By Shaun Waterman
UNITED PRESS INTERNATIONAL
November 13, 2008
The general in charge of the U.S. Air Force's cyberwarfare effort says
plans for his unit have been scaled back because staff who would have
been used to set up a cybercommand will be allocated to the service's
new nuclear command instead.
Air Force Cyber Command was to be established as a major command
alongside the service's space, air-combat and other commands -- last
month. However, those plans were suspended over the summer after Defense
Secretary Robert M. Gates fired the Air Force's civilian and military
leaders because of lapses in the security of the nation's nuclear
Last month, plans for a full-fledged major command for cyberwarfare were
The Pentagon's Armed Forces News Service reported on Oct. 8 that a
gathering of the service's leadership in Colorado was told that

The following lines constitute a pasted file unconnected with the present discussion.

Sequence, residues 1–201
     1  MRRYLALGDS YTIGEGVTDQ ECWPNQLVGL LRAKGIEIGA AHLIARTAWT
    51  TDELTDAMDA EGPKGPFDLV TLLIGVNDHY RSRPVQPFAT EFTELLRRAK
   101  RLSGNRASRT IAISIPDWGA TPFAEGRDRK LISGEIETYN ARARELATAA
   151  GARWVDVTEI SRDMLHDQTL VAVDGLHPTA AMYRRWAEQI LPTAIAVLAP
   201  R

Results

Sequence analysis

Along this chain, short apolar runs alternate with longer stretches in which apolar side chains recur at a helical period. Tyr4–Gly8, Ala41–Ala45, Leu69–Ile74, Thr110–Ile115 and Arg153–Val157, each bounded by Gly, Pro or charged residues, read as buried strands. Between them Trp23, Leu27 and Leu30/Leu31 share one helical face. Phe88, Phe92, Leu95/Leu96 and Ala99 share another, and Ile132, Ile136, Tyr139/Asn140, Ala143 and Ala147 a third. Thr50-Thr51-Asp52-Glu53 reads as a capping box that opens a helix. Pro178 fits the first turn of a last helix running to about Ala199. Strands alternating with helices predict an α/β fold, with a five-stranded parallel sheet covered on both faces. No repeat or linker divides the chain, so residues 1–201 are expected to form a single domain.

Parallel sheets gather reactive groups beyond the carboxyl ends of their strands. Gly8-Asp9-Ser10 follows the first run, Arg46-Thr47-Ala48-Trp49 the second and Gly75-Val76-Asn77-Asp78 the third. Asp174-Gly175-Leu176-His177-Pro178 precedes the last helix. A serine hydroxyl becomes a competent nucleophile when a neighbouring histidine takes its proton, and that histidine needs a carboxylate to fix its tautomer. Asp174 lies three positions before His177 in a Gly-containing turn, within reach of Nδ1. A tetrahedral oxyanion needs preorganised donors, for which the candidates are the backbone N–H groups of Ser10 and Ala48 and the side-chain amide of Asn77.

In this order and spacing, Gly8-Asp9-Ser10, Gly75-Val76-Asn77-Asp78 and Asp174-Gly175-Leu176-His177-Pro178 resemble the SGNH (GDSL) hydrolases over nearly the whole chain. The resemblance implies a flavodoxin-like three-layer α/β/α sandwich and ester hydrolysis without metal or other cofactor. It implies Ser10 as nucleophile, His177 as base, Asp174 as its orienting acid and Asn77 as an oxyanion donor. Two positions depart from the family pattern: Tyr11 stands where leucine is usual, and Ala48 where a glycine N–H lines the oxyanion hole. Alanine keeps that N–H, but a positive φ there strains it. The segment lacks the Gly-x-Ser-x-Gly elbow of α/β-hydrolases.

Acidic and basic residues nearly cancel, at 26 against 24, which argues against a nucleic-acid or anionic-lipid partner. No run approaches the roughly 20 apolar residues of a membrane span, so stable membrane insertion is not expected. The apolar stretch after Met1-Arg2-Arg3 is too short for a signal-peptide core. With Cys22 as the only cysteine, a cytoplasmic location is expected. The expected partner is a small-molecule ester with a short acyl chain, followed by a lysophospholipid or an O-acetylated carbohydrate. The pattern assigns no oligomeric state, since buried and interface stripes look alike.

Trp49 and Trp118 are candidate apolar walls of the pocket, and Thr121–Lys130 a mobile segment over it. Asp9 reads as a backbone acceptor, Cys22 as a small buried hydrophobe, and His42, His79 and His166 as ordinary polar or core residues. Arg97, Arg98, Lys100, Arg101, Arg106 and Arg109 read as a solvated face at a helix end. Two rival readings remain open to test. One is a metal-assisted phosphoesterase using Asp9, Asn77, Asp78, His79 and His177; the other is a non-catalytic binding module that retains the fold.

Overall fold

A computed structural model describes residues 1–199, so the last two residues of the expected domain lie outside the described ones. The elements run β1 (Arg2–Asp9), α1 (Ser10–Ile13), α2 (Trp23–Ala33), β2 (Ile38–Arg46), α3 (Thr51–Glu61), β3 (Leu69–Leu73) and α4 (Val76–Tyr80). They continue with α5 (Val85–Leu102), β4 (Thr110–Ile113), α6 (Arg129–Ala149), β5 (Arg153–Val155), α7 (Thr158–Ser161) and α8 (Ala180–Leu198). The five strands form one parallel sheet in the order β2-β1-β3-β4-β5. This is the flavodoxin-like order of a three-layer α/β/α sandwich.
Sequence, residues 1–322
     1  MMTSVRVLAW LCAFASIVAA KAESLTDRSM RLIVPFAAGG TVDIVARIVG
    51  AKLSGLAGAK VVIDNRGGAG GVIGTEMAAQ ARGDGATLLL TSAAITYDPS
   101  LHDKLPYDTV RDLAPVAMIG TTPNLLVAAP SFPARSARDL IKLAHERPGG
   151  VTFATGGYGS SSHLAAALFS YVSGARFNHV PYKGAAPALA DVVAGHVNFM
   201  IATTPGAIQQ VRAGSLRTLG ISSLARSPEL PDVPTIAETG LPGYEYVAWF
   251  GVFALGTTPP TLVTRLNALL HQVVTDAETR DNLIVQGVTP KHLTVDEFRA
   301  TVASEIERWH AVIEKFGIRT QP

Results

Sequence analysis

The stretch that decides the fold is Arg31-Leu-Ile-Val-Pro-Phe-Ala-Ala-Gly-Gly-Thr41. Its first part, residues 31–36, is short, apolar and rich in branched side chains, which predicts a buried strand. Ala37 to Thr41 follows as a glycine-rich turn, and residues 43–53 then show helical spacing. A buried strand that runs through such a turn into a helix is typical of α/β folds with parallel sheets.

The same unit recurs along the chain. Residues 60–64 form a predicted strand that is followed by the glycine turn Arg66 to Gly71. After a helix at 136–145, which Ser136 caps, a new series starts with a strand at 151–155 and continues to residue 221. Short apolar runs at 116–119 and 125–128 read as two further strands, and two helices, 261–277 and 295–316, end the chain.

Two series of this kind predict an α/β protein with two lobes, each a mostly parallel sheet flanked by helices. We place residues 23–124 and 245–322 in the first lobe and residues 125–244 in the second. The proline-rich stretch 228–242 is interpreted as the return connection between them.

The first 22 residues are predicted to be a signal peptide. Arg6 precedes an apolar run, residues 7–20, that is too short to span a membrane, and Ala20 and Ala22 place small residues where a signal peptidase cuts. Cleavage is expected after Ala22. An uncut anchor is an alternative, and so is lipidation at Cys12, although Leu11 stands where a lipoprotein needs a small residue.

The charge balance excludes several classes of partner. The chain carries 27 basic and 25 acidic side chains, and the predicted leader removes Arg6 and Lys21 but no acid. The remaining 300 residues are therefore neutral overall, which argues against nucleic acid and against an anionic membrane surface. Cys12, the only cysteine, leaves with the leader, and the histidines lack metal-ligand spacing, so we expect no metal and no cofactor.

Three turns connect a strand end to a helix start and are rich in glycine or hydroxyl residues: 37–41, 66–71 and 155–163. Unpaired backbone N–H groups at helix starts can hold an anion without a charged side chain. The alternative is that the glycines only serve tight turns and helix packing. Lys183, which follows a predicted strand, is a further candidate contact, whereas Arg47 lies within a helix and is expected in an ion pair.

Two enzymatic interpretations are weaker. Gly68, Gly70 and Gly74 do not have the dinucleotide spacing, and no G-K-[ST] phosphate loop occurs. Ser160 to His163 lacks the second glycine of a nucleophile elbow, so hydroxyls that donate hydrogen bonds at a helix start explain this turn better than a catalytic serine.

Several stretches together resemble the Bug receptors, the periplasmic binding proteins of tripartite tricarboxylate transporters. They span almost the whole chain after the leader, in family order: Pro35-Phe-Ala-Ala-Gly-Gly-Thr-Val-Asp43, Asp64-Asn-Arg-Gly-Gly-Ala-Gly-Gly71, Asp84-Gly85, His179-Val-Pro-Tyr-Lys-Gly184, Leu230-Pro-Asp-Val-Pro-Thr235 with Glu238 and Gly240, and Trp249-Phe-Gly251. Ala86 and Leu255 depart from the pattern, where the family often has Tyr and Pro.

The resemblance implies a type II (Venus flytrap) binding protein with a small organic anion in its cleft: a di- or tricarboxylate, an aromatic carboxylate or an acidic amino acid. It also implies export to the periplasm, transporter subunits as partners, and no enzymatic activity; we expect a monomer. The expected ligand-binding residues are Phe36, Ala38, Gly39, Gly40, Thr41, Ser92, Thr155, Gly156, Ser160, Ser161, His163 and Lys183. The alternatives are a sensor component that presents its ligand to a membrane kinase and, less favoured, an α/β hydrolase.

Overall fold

cyberoperations would be a numbered Air Force component -- one step down
from a major command in organizational terms.
Maj. Gen. William T. Lord, commander of Air Force Cyber Command, told
United Press International that the change helped solve the
organizational challenge of creating a new nuclear command "with the
manpower that was going to be allocated to make cybercommand a major air
command allocated instead to fix the more pressing problem... [of]
making sure that people are comfortable that we in fact have our eye on
the ball of our nuclear enterprise."
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